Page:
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Published: 2005/03/28
by Brian Ferdman

Bonerama, Tribeca Rock Club NYC- 3/18

Bonerama's pilgrimage from New Orleans to New York's Tribeca Rock Club has become a rite of spring. Their two-night stand at the small venue always seems to fall close to the Allman Brothers' annual run at the Beacon Theater, and this year the city was abuzz with not only the Allmans and their various side projects but also a vast coterie of shows featuring Jimmy Cliff, Charlie Hunter, Van Morrison, Steve Earle, Adam Deitch, Percy Hill, and a few stealth gigs by the recently reunited Black Crowes playing just outside of the city limits. Amidst all this musical bliss, could Bonerama hang with the heavy hitters?

Playing a CD release party almost a year to the date of recording their fantastic live album at the same venue (_Live From New York_), Bonerama opened with a curveball in a new arrangement of Quincy Jones classic, "Soul Bossa Nova." Known by many as the theme to Austin Powers, the band took a laid back approach to the bopping opening number. The tone changed a few songs later when a raucous "Whipping Post" was unleashed upon the crowd. With a ripping lead by Craig Klein, the band rocked into high gear and took the crowd along for the ride. The "Smylin' Myron" that followed featured some exploratory jamming and a bizarre sousaphone solo from Matt Perrine atop a cool breakbeat. Once again, a major shift occurred as the rhythm section took a break while the trombones reveled in the gentle Dixieland swing of "Dan's Dilemma." Just when the vibe was nice and calm, a truly psychedelic "Bone Up" was busted out, courtesy of a deliciously liquid-like guitar solo from Bert Cotton.

Set One had ended without any sense of a throughline. The songs were all over the stylistic map, and much of the jamming had meandered out into the nether reaches of space. The hard rockin', bones-in-your-face version of Bonerama was AWOL. On the other hand, the rhythm section had definitely tightened up and had moved leaps and bounds forward with the addition of new drummer Eric Bolivar. Despite only having previously played a handful of gigs with Bonerama, his commanding presence on the kit seemed to rally and inspire those around him. Suddenly, Bonerama had become much more than four trombones and a backup band. Both Perrine and Cotton were now getting their fair share of raging solos, and Bolivar was pounding the skins with authority.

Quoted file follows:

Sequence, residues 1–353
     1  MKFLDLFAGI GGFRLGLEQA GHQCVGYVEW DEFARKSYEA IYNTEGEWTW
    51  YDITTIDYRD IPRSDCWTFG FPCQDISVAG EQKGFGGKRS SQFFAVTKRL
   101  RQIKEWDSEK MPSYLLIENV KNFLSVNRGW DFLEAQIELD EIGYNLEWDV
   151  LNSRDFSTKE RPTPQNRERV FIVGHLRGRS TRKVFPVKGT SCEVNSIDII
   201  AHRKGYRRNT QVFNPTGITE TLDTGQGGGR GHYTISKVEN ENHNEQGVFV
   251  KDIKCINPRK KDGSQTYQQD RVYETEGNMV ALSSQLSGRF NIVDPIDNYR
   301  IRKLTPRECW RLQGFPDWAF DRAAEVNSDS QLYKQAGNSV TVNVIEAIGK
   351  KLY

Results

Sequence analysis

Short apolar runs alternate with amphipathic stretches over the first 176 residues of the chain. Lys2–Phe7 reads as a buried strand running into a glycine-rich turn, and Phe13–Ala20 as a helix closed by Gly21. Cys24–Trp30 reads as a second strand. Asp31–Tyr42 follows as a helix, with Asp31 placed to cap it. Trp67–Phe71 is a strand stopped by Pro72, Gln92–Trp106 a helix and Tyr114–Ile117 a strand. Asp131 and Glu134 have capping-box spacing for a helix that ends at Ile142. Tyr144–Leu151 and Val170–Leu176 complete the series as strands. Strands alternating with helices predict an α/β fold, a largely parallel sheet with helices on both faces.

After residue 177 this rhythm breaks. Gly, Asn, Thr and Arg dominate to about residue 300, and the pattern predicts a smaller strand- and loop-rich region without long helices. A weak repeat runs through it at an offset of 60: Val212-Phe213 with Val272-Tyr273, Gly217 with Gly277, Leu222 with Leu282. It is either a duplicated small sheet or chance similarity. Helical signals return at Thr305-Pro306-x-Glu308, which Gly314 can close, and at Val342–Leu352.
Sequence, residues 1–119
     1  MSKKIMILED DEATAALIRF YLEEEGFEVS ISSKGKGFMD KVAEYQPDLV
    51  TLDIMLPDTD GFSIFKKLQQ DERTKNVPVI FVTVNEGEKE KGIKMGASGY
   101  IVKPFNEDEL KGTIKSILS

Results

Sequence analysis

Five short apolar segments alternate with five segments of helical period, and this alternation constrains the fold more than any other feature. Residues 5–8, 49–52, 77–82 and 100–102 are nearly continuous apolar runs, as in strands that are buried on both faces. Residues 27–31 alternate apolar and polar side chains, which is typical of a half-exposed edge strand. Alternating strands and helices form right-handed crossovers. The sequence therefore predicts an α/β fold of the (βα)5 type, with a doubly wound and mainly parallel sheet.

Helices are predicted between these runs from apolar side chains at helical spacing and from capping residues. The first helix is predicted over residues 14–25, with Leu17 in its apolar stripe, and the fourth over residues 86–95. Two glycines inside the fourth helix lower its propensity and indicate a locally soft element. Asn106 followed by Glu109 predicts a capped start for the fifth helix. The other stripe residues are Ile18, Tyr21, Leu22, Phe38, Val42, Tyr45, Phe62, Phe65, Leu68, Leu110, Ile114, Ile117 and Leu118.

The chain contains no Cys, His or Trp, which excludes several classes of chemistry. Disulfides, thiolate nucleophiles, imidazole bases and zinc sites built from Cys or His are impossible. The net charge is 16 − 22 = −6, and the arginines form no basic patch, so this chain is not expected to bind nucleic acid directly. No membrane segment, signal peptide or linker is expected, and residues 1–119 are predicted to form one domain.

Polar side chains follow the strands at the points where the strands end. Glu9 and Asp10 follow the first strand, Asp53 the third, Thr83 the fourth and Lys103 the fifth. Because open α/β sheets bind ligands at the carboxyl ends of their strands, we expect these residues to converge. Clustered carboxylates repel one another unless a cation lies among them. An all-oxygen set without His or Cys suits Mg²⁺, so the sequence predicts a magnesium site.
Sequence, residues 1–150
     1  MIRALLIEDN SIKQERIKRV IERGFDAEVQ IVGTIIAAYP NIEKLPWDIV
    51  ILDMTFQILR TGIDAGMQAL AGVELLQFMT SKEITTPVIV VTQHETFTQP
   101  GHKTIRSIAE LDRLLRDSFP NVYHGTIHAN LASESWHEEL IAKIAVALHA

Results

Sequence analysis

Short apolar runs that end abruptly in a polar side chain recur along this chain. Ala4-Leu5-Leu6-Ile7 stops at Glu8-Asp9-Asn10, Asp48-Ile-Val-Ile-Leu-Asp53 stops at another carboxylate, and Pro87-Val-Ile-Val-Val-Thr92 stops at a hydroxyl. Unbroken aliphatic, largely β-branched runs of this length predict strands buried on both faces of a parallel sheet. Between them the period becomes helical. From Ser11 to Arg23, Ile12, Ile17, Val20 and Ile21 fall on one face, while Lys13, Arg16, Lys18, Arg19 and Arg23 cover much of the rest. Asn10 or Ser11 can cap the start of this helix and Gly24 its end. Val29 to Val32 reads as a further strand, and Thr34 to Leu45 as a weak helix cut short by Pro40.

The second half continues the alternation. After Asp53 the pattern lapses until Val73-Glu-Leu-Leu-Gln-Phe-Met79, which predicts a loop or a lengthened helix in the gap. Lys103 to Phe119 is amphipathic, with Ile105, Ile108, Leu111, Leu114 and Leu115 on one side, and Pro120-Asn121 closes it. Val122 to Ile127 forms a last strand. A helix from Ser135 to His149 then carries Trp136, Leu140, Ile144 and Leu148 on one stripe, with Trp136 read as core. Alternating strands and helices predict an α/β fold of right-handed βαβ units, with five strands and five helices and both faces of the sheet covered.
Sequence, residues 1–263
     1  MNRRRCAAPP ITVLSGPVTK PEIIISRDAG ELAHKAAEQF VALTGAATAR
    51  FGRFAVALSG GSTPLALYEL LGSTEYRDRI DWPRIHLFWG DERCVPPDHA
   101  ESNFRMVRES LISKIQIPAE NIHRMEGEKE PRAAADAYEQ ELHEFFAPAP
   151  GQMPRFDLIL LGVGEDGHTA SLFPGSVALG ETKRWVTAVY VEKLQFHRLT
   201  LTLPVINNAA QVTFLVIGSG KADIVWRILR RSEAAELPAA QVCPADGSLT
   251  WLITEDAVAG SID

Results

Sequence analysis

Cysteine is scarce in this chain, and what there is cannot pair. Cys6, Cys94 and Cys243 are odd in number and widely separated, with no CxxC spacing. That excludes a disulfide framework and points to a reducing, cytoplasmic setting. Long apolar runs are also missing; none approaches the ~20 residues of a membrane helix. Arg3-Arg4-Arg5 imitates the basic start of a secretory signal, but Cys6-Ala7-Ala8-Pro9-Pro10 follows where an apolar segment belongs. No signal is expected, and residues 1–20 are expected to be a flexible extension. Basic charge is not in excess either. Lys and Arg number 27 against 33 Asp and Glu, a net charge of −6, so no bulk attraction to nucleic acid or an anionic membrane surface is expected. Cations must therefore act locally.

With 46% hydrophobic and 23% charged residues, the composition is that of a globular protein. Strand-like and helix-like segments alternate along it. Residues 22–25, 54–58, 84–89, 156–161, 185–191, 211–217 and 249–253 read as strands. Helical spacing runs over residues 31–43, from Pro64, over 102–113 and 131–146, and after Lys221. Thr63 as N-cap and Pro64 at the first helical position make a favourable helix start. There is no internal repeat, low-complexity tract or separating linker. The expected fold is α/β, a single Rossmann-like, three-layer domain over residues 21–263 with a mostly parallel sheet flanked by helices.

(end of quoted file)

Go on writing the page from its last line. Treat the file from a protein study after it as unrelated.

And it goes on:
The second set delivered what the audience wanted to hear. The New Orleans classic "Hey Now Baby" brought forth that familiar second-line beat and segued straight into The Meters' "Cabbage Alley." Suddenly, everyone was on their feet and grooving hard before Bolivar's tenacious drumming on "The Wizard" had fists pumping across the room. A brief "Sunshine of Your Love" jam brought approval from the crowd before moving right into a "Crosstown Traffic" that delighted the audience.

Unfortunately, New Orleans-themed shows in New York seem to bring out of oodles of Tulane grads who majored in Alcoholism and minored in Obnoxious Behavior. This night was no exception, and while the band got quiet as Mark Mullins took a spirited solo, I was treated to the conversation of a young lady who screamed into her cellphone, "They're awesome! They played War Pigs! You know, dahhhhh-dahh-dah! Da-dah-da-dahh-da-dah-da-da!" (She sang this to the tune of "The Wizard.") Her conversation was one of many, and as the chattering grew louder and louder, Bolivar stepped up and saved the day. He started banging his drum sticks together in time with the beat of the solo and encouraged the audience to join him. Within seconds, the entire club had shut up and was now clapping along, transfixed on the music. Seizing the opportunity, the band whipped into crowd-favorite "Shake Your Rugalator" and the dance party was in full swing with Klein's fun-loving composition. The crowd was back on board and stayed with the band through a sit-in by trombonist Todd Londagin (where do they keep finding these trombone players?) and a tight "Blues For Ben." The show closed with a raucous "War Pigs," but unfortunately, Obnoxious Cellphone Girl had already departed.

While not quite generating the heat of last year's Tribeca Rock Club barn-burning, album-recording performance (a gig that had the bandmembers sweating profusely), this show featured the many facets of Bonerama, a band that can swing, churn out the funk, or rock your ass off. Amazingly enough, Mark Mullins played the entire show with a 9-volt battery inexplicably jammed in the bell of his horn, but that didn't stop him from tearing it up in some heavily distorted solos. Regardless, with the addition of Bolivar, Bonerama has now solidified into a true band with all members contributing. I have a feeling that this performance only scratched the surface of Bonerama's potential, and I'm looking forward to seeing where they go from here.

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